Hailing from the small town of Neyveli in Tamil Nadu, 21-year old Sajan Prakash recently fulfilled his childhood dream of competing at the Commonwealth and Asian Games for India. However, his road to success has been marred by financial issues.
Prakash is currently one of the top swimmers in the country, having set the national record in the 400 metre freestyle event at the age of 20. He shot into fame at the 2013 National Aquatics Championship, winning three gold medals and two silvers, before qualifying for both the major events this year.
He topped it off by finishing 10th at the 400 m freestyle event in Glasgow and becoming the highest ranked Indian at the event with a time of 3:58.51.
Apart from the freestyle event, Prakash also participated in the 200 m freestyle and his favourite, the 100 m butterfly.
The lack of a proper financial backing is not letting him nurture his talent to the next level.
I work in the Railways for a salary of 15,000, that’s the only source of income I have. It only covers for my accommodation. My pool fees in Bangalore itself is Rs 3,200, there is no government support whatsoever.”
My job hours are such that I have to work from 9:30 in the morning to 4:30 in the evening. With such timings, I barely get any time to train.”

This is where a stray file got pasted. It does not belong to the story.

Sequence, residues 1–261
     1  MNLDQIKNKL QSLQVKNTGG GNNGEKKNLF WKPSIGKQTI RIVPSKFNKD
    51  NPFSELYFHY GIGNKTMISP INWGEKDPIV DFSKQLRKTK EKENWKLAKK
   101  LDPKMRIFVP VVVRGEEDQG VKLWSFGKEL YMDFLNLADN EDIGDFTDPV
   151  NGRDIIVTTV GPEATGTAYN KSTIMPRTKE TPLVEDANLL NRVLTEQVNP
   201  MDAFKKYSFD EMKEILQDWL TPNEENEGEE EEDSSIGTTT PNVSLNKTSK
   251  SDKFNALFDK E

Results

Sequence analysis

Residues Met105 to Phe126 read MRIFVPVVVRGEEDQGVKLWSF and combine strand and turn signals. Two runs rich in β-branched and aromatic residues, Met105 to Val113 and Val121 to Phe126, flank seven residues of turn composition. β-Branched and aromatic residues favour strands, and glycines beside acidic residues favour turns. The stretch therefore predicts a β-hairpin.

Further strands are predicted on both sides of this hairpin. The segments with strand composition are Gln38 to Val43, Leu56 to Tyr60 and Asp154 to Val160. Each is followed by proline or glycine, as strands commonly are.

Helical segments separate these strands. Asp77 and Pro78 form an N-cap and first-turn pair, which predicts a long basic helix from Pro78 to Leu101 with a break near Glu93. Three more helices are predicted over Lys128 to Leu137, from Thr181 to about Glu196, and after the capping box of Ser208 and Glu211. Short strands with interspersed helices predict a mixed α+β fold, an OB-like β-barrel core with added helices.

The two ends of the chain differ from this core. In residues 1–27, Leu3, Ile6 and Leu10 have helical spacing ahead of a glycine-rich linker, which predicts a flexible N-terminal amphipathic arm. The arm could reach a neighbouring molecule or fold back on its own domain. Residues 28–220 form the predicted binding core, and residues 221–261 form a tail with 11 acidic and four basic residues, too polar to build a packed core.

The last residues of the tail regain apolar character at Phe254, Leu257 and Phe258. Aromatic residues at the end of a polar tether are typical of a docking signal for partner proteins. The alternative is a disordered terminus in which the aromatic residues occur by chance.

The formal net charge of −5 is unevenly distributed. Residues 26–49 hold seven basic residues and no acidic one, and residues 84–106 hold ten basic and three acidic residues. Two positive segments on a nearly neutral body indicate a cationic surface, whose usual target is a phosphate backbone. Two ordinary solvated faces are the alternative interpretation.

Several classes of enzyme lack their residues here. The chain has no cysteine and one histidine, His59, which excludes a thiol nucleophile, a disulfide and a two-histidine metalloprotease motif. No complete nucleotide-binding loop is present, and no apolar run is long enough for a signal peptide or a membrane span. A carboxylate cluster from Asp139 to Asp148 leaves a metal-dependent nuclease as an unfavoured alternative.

He further thanks certain employees of the railways, but says that the Federation has to do a lot to enable swimmers.
Prakash is not the first Indian swimmer to point out infrastructural problems within the sport. Three time National Champion, Rehan Poncha said in an open letter to Nardendra Modi,
I do not understand why these excess funds cannot be spent on the development of athletic talent in India. Today as I travel to coach and share my experience with swimmers across the country, I see the paucity of funds reflected at every pool. There are many many kids sitting in different national academies with not enough money to buy themselves proper racing gear or nutrition to train better!”
Prakash is one of the lucky swimmers, who has been able to somehow manage the funds to develop.
His mother Shanty Mohl was an ex athlete, batchmate of P.T Usha and represented India in several tournaments abroad. However, her career was cut short due to injury.
With the Rio Olympics just two years away, he has already set his eyes on qualification. Prakash has to first qualify for the 2015 World Championship, only then will he get a chance for the Rio Olympics.
Sajan Prakash during training
He has already clocked a time of 3 minutes and 55 seconds at the Senior Championship, which is one second off the qualification mark for the Olympics (400 m freestyle).
National Coach, Pradeep Kumar said:
The last nationals have been the highpoint of his career so far. He is talented and having made the qualification standard for the Commonwealth Games augurs well.”
It looks like Rehan Poncha’s open letter to Narendra Modi had no effect whatsoever on the people governing swimming in the country. However, the passion and dedication of athletes like Sajan Prakash will continue to give the sport representation abroad.